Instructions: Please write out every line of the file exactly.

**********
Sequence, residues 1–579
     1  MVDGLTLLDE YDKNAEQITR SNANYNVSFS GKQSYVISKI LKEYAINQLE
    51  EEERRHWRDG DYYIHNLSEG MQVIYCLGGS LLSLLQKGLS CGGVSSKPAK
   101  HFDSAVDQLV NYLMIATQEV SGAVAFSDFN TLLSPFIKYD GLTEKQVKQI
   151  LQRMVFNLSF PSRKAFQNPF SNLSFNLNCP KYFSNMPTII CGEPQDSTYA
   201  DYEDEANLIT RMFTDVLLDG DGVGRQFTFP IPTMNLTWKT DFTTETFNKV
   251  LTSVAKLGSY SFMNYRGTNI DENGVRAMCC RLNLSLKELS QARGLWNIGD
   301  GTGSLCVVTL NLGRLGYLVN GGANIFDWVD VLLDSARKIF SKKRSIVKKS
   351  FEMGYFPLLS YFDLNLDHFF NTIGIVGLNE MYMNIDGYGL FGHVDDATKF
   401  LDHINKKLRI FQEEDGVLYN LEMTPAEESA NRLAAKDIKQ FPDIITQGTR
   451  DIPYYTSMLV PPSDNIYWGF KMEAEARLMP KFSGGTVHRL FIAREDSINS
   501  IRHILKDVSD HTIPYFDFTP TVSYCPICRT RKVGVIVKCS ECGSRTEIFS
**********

Sequence, residues 1–579
     1  MVDGLTLLDE YDKNAEQITR SNANYNVSFS GKQSYVISKI LKEYAINQLE
    51  EEERRHWRDG DYYIHNLSEG MQVIYCLGGS LLSLLQKGLS CGGVSSKPAK
   101  HFDSAVDQLV NYLMIATQEV SGAVAFSDFN TLLSPFIKYD GLTEKQVKQI
   151  LQRMVFNLSF PSRKAFQNPF SNLSFNLNCP KYFSNMPTII CGEPQDSTYA
   201  DYEDEANLIT RMFTDVLLDG DGVGRQFTFP IPTMNLTWKT DFTTETFNKV
   251  LTSVAKLGSY SFMNYRGTNI DENGVRAMCC RLNLSLKELS QARGLWNIGD
   301  GTGSLCVVTL NLGRLGYLVN GGANIFDWVD VLLDSARKIF SKKRSIVKKS
   351  FEMGYFPLLS YFDLNLDHFF NTIGIVGLNE MYMNIDGYGL FGHVDDATKF
   401  LDHINKKLRI FQEEDGVLYN LEMTPAEESA NRLAAKDIKQ FPDIITQGTR
   451  DIPYYTSMLV PPSDNIYWGF KMEAEARLMP KFSGGTVHRL FIAREDSINS
   501  IRHILKDVSD HTIPYFDFTP TVSYCPICRT RKVGVIVKCS ECGSRTEIFS